As we’ve mentioned before, .NET nanoFramework has it’s own Base Class Library, or mscorlib and friends. One of the motivations to create all the unit test framework for .NET nanoFramework was to be able to reuse, adapt and add tests. Once the framework was in place, the migration of 2000+ tests from .NET Microframework happened. This work represented 84K lines of codes added to mscorlib. It helped to discover quite some edge cases and fixing all of them is now in process.

But why is this a chicken and egg problem? Well, looking at what I wrote previously, the Unit Test Platform is distributed through a NuGet package. This package includes the Unit Test Launcher and the Test Framework which, for obvious reasons are built against a specific version of mscorlib.

Now, when you want to run the mscorlib Unit Tests, you want them to run on the version it’s building at that time, not against a previous version. It does mean that all the elements must be as project reference. The tests should be project reference of mscorlib, the Unit Test Launcher and the Test Framework as well. Because .NET nanoFramework is organized in different repositories, the Test Framework one is and this make it easy to add it as a git sub module of the mscorlib one.

As this still requires a specific version of nanoCLR Win32, a fake test project has been added, which contains the NuGet package and as it is built, the latest version of the nanoCLR Win32 is pulled from the build. As mscorlib is using a native C implementation as well, that does allow to run the tests with the always up to date version, all built from source, including in the Azure DevOps pipelines.

What’s next

Now that this .NET nanoFramework unit test framework is real and fully usable. Even if as explained at the beginning, .NET Microframework have a specific test platform, the code used to run those tests can be migrated in large part and adapted to run for nanoFramework. Those test cases will be migrated to the respective class libraries where they belong to. The idea is to have a decent 80%+ coverage for all the .NET nanoFramework code.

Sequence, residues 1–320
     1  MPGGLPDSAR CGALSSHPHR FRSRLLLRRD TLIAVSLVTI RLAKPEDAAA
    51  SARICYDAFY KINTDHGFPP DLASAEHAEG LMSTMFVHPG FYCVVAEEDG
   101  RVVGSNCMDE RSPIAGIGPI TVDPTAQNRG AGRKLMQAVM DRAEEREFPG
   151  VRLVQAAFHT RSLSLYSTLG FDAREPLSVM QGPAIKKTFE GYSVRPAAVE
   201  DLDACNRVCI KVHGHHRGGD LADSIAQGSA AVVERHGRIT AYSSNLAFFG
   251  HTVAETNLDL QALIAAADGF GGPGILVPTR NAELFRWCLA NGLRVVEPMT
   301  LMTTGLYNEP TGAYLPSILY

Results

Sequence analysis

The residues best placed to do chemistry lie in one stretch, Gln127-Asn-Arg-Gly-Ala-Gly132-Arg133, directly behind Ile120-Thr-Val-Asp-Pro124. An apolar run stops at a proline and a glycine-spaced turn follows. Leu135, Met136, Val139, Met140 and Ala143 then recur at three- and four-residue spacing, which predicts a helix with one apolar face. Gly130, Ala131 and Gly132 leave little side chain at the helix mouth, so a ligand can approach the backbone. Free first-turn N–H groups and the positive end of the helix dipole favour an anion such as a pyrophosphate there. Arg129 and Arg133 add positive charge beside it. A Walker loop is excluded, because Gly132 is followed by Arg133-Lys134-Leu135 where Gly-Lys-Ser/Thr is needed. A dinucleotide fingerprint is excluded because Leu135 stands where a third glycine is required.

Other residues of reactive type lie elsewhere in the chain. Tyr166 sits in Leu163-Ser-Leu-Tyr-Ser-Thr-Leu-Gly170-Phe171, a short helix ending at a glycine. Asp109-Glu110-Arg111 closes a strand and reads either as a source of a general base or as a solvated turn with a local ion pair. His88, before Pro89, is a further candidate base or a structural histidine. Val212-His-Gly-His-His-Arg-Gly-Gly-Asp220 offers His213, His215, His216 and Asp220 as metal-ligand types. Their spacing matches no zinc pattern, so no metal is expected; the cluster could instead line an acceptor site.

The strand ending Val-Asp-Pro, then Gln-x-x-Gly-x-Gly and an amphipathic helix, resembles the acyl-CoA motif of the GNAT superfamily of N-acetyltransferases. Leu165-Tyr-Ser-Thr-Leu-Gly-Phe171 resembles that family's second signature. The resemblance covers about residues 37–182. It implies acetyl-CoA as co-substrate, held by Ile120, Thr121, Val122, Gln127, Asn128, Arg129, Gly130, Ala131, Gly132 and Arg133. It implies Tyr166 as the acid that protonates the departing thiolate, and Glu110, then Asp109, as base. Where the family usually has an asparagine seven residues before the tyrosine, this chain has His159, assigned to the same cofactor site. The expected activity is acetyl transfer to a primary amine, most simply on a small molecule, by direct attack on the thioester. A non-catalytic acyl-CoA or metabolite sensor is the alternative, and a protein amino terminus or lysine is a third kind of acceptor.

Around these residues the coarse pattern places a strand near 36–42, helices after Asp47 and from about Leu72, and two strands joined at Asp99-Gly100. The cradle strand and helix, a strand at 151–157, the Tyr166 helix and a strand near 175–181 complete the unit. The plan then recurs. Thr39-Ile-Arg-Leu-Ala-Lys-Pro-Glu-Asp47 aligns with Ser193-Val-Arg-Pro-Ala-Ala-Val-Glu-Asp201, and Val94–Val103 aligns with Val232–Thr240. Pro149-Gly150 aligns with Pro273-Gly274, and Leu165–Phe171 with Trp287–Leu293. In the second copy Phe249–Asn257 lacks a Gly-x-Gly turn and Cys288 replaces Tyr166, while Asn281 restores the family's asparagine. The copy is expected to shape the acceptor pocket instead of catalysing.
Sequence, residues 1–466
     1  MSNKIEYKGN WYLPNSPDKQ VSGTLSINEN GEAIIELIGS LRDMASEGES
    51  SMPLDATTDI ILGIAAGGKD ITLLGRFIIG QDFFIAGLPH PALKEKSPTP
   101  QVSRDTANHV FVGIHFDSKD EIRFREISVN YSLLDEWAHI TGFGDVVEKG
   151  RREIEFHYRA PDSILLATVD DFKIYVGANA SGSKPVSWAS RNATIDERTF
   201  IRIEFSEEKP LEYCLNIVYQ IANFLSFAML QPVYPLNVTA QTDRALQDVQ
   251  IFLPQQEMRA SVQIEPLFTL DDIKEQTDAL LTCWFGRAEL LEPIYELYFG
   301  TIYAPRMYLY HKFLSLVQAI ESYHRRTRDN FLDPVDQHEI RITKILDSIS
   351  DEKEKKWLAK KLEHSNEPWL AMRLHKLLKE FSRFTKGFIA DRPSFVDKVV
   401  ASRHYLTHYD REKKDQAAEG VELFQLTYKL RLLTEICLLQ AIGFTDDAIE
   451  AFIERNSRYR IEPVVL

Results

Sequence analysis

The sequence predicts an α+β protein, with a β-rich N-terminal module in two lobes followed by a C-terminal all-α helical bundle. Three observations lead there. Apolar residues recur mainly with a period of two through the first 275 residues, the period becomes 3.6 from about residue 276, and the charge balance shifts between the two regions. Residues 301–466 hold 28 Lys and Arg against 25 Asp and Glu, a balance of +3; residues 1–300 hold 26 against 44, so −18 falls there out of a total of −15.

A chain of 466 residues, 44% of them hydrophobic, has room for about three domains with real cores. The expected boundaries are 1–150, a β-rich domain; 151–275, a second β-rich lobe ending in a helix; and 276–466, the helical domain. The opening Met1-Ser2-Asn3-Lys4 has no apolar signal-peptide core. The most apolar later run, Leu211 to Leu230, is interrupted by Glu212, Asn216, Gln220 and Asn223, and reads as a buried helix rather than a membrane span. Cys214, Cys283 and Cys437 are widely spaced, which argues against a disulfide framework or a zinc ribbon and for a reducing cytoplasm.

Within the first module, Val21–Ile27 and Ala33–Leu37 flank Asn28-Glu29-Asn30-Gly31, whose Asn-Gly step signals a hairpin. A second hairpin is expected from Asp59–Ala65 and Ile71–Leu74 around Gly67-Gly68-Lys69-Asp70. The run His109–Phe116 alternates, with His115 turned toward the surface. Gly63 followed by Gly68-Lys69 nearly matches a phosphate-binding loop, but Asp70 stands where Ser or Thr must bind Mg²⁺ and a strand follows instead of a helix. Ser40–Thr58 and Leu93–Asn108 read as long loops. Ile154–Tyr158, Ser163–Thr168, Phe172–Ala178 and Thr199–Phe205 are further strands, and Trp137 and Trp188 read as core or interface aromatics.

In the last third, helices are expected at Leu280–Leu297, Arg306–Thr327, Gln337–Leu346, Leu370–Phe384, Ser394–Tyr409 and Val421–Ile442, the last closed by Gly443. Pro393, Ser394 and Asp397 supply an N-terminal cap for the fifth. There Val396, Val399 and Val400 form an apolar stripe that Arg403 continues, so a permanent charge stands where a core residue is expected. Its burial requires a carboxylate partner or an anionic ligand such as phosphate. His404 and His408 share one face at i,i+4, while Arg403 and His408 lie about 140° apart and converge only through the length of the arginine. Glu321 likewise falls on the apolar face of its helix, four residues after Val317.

Right now the challenge is to be able to have a proper code coverage report. Tools like Coverlet can’t be used for the reasons mentioned before about the execution stack and dependencies built. .NET nanoFramework mscorlib is not properly loaded in any of those tools including the VS Test code coverage. This will require more work and a PE parser to analyze more deeply the execution path. There are options for this, one of them being the metadata processor tool, which is used today to parse the assemblies generated by Roslyn and produce the PE files that are loaded into nanoCLR. The code coverage will be part of the Test Adapter rather than the DataCollector VS Test extension. The reason is because it is hard to separate the tests from the analysis of the execution itself.

Where to start .NET nanoFramework?

To start with .NET nanoFramework, the first step is to get one of the supported devices like an ESP32. There is a list of board reference and community supported boards. Then you have to follow the step by step guide to install the Visual Studio 2019 extension, flash your device, create your first project and run it.

Having your own C# .NET code running on one of those embedded devices is a matter of minutes and very straight forward.

To create a unit test project, the steps are explained in this post, it’s a matter of selecting the type of unit test project for nanoFramework, write a few lines and you’ll be good to go! You don’t even need a real device to start playing with the unit test framework.

If any help needed, the .NET nanoFramework community is very active and is using Discord channels. Contribution to improve .NET nanoFramework on the native C, the C# and documentation side are more than welcome. The main .NET nanoFramework page will give you all the links you need.

I hope you’ve enjoyed this article, please let me know if you want more like this! Take care.